Tucked away in the southwest corner of Colorado is a National Park that needs to be on everyone’s “must see” list – Mesa Verde National Park.
Inhabited by the Anasazi (today referred to as the Ancestral Puebloans) Indians from 600 to 1300, these cliff dwellings are simply amazing. To see how these ancient Indians lived in dwellings built right into the sides of the cliffs is awe-inspiring. The ruins were discovered in 1888 by some cowboys tracking lost cattle. President Theodore Roosevelt named it a national park in 1906 as a way to protect the cliff dwellings.
I grew up just south of this park, so this wasn’t my first visit, and it most certainly won’t be my last. We only spent one day in the park, but I can definitely see how you could spend more time exploring the ruins and learning about life so many years ago.
You’ll want to start your visit in the new Visitor’s Center, which opened in December 2012. There you can buy tickets to the tours of the larger ruins, see exhibits, and have any questions answered by rangers. There are a few areas in the park that you can explore on your own, but tickets are required for the two most popular dwellings – Cliff Palace and Balcony House.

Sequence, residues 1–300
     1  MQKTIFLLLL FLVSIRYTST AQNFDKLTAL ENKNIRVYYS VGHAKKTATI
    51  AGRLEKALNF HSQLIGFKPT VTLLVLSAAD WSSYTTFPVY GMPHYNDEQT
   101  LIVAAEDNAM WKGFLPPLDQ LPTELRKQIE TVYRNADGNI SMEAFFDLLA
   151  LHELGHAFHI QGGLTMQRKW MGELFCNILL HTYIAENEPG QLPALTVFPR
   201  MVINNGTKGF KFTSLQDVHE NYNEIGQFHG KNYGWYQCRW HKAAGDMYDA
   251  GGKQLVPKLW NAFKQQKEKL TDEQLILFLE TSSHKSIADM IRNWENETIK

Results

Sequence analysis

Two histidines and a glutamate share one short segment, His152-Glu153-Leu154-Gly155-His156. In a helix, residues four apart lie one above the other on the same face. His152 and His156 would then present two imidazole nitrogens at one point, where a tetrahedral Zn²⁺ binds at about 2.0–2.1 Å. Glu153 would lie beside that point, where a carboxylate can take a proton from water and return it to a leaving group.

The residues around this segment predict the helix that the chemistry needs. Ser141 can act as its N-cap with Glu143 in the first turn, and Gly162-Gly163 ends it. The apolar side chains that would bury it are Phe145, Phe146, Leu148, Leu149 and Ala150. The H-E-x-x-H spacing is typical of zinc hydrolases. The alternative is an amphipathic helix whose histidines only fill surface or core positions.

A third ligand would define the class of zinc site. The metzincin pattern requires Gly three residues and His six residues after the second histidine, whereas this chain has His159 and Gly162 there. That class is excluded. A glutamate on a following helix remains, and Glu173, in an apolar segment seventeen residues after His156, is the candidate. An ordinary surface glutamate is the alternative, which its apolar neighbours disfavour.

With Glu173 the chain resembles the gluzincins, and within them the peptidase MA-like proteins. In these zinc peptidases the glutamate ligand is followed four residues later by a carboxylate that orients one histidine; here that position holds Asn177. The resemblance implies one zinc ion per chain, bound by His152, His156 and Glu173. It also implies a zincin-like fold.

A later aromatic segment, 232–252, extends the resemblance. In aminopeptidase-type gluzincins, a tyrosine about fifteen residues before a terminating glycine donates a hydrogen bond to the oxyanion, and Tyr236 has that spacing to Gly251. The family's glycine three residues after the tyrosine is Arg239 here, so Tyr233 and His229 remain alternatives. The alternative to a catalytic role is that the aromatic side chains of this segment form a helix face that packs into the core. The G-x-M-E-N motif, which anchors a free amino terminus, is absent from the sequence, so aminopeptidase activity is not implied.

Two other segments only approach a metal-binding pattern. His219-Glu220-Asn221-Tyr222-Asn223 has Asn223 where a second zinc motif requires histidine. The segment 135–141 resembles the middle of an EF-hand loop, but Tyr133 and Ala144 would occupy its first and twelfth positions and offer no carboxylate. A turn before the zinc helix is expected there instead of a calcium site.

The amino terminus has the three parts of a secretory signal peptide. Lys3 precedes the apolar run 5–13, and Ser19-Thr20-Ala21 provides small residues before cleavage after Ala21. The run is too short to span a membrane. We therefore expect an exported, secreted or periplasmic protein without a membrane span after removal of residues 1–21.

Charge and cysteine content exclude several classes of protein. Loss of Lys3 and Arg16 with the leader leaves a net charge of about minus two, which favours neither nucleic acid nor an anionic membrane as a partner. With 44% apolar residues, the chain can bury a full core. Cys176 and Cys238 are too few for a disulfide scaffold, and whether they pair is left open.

Since our time was short and since our group had several babies and young children, we opted to visit the Cliff Palace. There is no way to describe what you see when you first climb up that ladder and look out to see the dwelling, built right into the side of the cliff. It’s amazing to look out from above to see that village, and to hear the ranger tell how the Indians lived. How they grew their crops on top of the mesas, so they would have to climb up to tend to the crops every day. How they brought in water and how they worshiped. It’s pretty amazing to see how they lived and worked back then.
After the tour of the Cliff Palace, we stopped along the road at a few view points to see even more ruins that could be seen from across the canyon. It truly is an amazing sight.
We also visited the Spruce Tree House, where you can wander and explore on your own. This dwelling is the third largest in the park, and contains 130 rooms and 8 kivas. Upon discovery, it was quite well preserved because of it’s location in the cliff.
One of the highlights of visiting the Spruce Tree House is getting to be little more hands on – being able to actually go down into one of the kivas. This is a great ruin to visit if you would rather explore on your own time.
If we would have had more time, I would have loved to drive through more of the park and see the dwellings from the overlooks. But even having a small amount of time was amazing. I will definitely be back again!
Mesa Verde National Park
located one hour east of Cortez, Colorado, or 1 1/2 hours from Durango, Colorado